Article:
How to Make Potato Salad

DSCI1468 Another in our “Essentials” series of how to cook, make, bake, boil – and ultimately, eat!


Serves 4-6

450g of potatoes (any can be used)

3 tbsp of no fat natural yoghurt

3 spring onions, trimmed, washed and chopped

Salt and pepper to season


  • Peel or scrape the potatoes, rinse and place in a saucepan making sure they are covered in water. Bring to the boil and continue to boil until a fork goes all the way into a potato when stuck in. They are then cooked.

Dawn: I’ve used new potatoes here but you can use any kind, whatever you have in or are on offer when you shop. I’ve cut them into small cubes and you can do this with any potato of your choice. 

Andrew: Yes, and I noticed how expensive a small pot of potato salad is when I was last shopping: this recipe gives you a large bowl full for very little money. 

Dawn: That’s right and we are very aware of how all our food budgets need to work even harder to make sure we are able to eat. It’s what this blog is all about – easy recipes, great food and excellent value for money. 

  • Drain the water away and set aside the potatoes to allow them to cool.
  • When the potatoes are cool, cut them into quarters so that they are roughly about 2cm squared each. Place in a bowl or airtight container, if not intending to eat immediately.
  • Add the natural yoghurt and chopped spring onions. Mix together so that the potatoes are covered in the natural yoghurt and spring onions. Season with salt and pepper, mix again.

Dawn: And it is really this simple to make your very own potato salad – great for a side dish at home or to add to a picnic. 

Andrew: We’ll be bringing you more recipes in our “Essentials” section which are designed to help you get the most out of your cooking, your kitchen cupboards – and your money!

To discover more from the Cooking Duo’s “Essentials” section, follow this blog and the Twitter account @Love_Food_UK

Vine Fruit Filled Butternut Squash with Spicy Delight

DSCI1394 A real vegetarian treat is this one! And so easy to pull together.


Serves 2

1 large butternut squash, thoroughly washed

3 tbsp of olive oil

1 onion, peeled, sliced and chopped

50g of currants

25g of dried prunes, chopped

25g of dried apricots, chopped

1 tbsp of cinnamon

1 tsp of cumin seeds

1 tsp of ground ginger

Salt and pepper to season


  • Cut the butternut squash in half, scoop out the seeds and flesh from both sides. Place on a baking sheet and drizzle 1 tbsp of olive oil over both halves.
  • Place the baking tray in a pre-heated oven at gas mark 6, 200 °C electric. Cook for about one hour or until the squash is tender when you put a fork into both halves.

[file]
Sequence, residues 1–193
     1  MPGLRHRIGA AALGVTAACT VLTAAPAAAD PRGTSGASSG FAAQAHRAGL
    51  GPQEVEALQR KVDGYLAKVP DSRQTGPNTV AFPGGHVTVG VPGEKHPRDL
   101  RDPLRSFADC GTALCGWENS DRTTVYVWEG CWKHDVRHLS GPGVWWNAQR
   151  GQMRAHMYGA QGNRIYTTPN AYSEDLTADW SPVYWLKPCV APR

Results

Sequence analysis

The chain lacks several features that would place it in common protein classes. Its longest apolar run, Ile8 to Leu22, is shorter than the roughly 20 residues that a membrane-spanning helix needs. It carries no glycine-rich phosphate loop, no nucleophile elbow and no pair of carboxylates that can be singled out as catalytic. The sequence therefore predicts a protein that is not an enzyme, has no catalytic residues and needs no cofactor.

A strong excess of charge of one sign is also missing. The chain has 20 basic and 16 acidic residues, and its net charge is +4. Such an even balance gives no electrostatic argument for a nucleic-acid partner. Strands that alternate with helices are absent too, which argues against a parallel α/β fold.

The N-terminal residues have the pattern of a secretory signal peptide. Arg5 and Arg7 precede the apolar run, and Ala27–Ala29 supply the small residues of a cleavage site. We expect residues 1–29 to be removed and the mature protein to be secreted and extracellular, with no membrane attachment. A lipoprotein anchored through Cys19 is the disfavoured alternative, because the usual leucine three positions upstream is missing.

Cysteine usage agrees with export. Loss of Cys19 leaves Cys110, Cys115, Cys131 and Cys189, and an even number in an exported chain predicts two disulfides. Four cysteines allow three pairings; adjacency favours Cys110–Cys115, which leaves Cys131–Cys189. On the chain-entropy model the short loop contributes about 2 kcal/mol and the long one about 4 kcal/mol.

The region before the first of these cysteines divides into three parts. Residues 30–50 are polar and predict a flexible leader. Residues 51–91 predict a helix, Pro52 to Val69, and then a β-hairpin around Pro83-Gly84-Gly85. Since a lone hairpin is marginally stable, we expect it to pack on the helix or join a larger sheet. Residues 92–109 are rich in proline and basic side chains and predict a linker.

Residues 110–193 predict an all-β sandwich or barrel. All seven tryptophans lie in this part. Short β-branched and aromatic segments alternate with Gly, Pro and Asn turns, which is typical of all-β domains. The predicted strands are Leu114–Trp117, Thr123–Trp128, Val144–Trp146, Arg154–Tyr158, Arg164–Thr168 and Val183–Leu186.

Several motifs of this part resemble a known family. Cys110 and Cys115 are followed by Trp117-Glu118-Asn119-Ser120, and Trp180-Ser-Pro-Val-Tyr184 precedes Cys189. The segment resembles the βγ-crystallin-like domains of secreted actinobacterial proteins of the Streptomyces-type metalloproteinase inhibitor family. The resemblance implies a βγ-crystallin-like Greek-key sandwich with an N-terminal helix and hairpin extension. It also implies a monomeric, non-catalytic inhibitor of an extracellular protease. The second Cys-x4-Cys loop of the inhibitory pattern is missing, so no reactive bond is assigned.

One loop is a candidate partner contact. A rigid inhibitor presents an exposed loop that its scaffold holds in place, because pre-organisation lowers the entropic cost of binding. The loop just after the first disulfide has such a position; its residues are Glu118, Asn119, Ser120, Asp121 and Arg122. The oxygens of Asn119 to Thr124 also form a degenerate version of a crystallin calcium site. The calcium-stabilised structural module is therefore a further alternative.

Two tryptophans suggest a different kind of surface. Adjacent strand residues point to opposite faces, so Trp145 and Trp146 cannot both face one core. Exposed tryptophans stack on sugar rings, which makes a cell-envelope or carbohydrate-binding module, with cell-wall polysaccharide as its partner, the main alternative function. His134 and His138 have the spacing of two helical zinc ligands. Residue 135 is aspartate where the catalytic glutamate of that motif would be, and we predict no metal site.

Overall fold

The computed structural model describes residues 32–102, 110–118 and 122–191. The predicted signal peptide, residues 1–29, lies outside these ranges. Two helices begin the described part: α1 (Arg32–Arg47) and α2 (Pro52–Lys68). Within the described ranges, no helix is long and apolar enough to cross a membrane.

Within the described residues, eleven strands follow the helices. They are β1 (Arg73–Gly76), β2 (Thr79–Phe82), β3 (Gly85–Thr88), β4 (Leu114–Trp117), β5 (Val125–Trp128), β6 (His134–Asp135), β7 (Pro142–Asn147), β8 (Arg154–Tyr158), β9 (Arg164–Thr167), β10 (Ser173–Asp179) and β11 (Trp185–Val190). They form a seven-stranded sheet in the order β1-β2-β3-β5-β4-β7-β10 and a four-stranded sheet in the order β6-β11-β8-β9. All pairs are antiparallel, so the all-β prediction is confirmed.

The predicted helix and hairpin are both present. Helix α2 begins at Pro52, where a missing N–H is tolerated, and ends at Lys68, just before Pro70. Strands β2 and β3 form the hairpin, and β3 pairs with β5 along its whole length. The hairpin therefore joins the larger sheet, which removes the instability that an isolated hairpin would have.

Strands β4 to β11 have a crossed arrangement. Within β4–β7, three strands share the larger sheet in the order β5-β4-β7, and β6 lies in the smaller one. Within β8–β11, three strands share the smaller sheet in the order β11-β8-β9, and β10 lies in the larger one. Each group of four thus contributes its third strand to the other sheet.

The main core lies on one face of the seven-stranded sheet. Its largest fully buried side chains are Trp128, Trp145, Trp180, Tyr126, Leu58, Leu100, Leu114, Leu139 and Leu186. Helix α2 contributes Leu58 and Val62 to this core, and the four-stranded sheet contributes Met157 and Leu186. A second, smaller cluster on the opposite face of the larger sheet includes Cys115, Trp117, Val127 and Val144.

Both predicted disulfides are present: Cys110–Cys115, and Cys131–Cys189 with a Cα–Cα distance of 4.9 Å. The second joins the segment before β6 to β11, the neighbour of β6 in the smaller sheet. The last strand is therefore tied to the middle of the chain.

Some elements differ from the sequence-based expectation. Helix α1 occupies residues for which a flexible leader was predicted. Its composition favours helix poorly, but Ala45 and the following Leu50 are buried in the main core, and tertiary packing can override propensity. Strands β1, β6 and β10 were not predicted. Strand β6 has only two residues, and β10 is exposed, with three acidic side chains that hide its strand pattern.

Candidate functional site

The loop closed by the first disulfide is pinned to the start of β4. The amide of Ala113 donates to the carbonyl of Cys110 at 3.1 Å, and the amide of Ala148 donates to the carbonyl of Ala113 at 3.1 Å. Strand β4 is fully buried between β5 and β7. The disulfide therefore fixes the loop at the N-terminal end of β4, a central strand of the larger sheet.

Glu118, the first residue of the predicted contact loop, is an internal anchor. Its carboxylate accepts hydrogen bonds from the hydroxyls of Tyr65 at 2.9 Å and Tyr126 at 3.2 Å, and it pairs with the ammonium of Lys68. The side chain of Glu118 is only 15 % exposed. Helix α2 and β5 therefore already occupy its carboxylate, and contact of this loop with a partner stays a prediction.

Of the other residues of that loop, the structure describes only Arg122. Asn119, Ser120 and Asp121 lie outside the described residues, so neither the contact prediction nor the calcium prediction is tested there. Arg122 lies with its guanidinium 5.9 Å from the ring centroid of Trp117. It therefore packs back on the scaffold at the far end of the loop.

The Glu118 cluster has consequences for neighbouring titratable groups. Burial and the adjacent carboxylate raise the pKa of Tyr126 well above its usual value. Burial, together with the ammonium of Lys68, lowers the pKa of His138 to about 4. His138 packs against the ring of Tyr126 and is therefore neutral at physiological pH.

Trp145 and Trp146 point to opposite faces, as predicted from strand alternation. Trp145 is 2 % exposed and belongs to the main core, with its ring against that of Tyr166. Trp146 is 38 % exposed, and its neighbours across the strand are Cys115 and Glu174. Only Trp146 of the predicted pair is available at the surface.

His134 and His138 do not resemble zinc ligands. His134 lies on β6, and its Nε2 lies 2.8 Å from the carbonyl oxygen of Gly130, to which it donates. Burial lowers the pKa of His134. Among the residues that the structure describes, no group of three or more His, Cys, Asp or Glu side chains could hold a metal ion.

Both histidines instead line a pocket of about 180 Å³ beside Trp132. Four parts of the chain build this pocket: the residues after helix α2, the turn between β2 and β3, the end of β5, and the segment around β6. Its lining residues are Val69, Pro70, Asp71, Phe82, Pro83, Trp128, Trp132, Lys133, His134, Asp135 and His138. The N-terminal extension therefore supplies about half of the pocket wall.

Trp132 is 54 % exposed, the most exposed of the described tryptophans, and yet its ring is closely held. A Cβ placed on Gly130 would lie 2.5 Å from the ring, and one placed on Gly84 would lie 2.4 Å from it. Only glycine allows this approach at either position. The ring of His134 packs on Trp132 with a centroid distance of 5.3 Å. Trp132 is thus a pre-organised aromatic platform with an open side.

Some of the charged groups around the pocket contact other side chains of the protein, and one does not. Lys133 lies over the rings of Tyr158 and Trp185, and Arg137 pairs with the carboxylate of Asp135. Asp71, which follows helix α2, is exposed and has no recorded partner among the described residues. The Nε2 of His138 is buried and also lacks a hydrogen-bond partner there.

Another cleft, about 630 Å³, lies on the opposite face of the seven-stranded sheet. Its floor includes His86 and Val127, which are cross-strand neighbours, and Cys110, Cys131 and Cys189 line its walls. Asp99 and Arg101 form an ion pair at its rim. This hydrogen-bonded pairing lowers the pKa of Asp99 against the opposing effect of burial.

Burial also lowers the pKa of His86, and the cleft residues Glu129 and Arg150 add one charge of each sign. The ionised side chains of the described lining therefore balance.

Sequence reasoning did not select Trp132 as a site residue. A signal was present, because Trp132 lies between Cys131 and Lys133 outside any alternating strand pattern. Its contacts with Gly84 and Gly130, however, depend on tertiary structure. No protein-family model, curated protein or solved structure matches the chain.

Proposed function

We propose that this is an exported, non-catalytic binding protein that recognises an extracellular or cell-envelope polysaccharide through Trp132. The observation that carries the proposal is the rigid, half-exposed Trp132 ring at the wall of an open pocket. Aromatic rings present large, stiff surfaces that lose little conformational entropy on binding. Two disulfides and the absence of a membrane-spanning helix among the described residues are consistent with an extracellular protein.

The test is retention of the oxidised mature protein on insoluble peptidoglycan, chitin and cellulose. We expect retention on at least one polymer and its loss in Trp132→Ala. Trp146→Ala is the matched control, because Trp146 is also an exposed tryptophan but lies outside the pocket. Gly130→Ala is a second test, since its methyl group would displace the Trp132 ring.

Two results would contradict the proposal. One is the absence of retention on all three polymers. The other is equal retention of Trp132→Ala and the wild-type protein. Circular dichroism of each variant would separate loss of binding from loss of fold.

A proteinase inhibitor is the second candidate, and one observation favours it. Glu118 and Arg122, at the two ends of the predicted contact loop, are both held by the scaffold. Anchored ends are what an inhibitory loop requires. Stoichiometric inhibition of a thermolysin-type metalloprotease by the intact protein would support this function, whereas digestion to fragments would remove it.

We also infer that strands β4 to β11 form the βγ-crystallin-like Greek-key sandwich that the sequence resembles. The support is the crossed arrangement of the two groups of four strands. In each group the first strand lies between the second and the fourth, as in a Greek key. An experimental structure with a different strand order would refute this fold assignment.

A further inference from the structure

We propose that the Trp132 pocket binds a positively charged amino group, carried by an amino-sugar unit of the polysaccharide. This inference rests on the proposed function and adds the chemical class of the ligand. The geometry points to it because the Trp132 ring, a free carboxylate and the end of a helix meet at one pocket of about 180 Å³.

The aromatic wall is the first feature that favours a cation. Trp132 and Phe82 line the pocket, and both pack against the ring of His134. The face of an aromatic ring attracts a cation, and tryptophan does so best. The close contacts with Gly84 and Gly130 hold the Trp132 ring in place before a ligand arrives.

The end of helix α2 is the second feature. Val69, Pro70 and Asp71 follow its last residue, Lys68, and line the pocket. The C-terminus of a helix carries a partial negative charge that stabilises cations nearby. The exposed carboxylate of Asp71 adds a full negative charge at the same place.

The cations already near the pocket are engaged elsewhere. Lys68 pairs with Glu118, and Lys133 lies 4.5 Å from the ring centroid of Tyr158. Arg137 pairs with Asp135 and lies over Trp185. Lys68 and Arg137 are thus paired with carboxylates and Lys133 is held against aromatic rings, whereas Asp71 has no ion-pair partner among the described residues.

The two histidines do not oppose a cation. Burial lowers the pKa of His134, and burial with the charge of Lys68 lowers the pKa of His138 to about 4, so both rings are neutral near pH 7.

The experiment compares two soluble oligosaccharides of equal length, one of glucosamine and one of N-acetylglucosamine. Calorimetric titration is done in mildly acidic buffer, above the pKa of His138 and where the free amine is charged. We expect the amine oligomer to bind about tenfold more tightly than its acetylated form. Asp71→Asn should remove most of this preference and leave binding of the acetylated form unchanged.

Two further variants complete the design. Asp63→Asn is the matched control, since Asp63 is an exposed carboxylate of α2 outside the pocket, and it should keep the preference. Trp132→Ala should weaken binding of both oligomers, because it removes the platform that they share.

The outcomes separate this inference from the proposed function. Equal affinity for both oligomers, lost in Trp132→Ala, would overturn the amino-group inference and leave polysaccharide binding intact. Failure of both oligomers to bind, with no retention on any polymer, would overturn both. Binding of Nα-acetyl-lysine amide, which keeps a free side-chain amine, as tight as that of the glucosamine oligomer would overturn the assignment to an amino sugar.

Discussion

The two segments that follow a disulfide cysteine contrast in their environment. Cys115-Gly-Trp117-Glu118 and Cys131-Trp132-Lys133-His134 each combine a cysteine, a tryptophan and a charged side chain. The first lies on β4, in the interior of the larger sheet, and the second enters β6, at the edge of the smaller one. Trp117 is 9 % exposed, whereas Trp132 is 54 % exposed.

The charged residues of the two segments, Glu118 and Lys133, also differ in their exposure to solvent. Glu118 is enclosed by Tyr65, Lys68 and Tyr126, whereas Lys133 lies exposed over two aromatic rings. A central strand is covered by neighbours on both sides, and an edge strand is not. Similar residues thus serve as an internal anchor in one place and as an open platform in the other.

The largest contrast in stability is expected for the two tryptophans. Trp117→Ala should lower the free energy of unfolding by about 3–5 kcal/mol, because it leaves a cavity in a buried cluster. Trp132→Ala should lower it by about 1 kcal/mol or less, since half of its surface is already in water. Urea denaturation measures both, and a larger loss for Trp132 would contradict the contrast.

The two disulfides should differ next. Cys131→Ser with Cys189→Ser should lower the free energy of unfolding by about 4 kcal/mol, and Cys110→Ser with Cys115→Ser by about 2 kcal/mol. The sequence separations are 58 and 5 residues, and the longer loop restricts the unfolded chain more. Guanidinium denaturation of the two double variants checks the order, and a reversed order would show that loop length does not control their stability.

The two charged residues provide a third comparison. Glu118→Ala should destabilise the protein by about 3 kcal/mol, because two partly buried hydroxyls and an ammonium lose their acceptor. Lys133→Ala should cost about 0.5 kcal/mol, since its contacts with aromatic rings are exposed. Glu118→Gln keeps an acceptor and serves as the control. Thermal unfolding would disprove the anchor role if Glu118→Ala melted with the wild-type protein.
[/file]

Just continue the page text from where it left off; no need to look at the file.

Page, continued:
• While the butternut squash is baking, put the onion, currants, prunes, apricots and spices in a frying pan along with the remaining 2 tbsp of olive oil and cook, until the onion becomes caramelised. Set aside until the butternut squash is baked.
  • When baked, half the vine fruits stuffing equally between both halves of the butternut squash and place back in the oven to heat for approximately 5 minutes.
  • Season and serve on warmed plates, either alone or with a green salad.

Dawn: And that’s it, folks!

Andrew: You could garnish with toasted pine nuts or flaked almonds which will compliment the dish. 

Dawn: Great idea, Andrew. That’s exactly what I’m going to do for dinner this evening! Thanks for the tip. 

For easy-to-make meals, simple to follow recipes that conjure up wholesome dishes, follow this blog – – and our Twitter feed @Love_Food_UK for regular updates, tips and recipes. 

Roast Root Ribbons


An easy side dish to accompany a nice Sunday roast, this takes minutes to prepare and once popped in the oven, you can get on and do what you need to do as it’s virtually self-cooking.

Andrew: I like dishes like this!


Services 4

8 large carrots

8 large parsnips

2 tsp of cooking oil

salt and pepper for seasoning


  • Peel and slice the carrots and parsnips into long ribbons.
  • Place in a saucepan of boiling water and partially boil for 5-10 minutes. 

Dawn: The partial cooking via boiling is optional and you can simply put the root veg into a large, ovenproof dish if you’re short on time.

Andrew: That’s usually what I do.

  • While the vegetables are partially cooking on the hob, pre-heat the oven to gas mark 6, 200 degrees centigrade electric and place an ovenproof dish with the cooking oil in, in it.

Dawn: I’m using the cooking juices from a tasty joint here to add an extra “umph” to the vegetables taste.

  • Next, drain the vegetables of the boiling water and place in the cooking fat.

Andrew: Can I add garlic halves?

Dawn: You can add any root vegetables you may have in, Andrew. You’re only limited by your own imagination. I have a lovely baked onion recipe that I’ll share later in our side dishes section, too.

  • Cook until the vegetables start to look ‘caramelised’ and crisp in appearance.
  • Turn the vegetables occasionally so the whole of the root becomes golden in appearance.
  • Serve hot, seasoned to personal preference.

Andrew: Is this really down to personal taste, Dawn?

Dawn: No pun intended! Yes, Andrew. I tend to leave them for about 45 to 60 minutes because I really enjoy the ‘caramelised’ taste. Very yummy!

Andrew: Easy peasey, lemon squeezy!

Dawn: Indeedy! And speaking of which, you can decide to add a little splash of lemon juice to the cooking oil if you fancy a zing to the finished cooked taste. 

Andrew: And don’t forget to follow our blog and Twitter account @Love_Food_UK to stay tuned for more easy, quick and inexpensive recipes!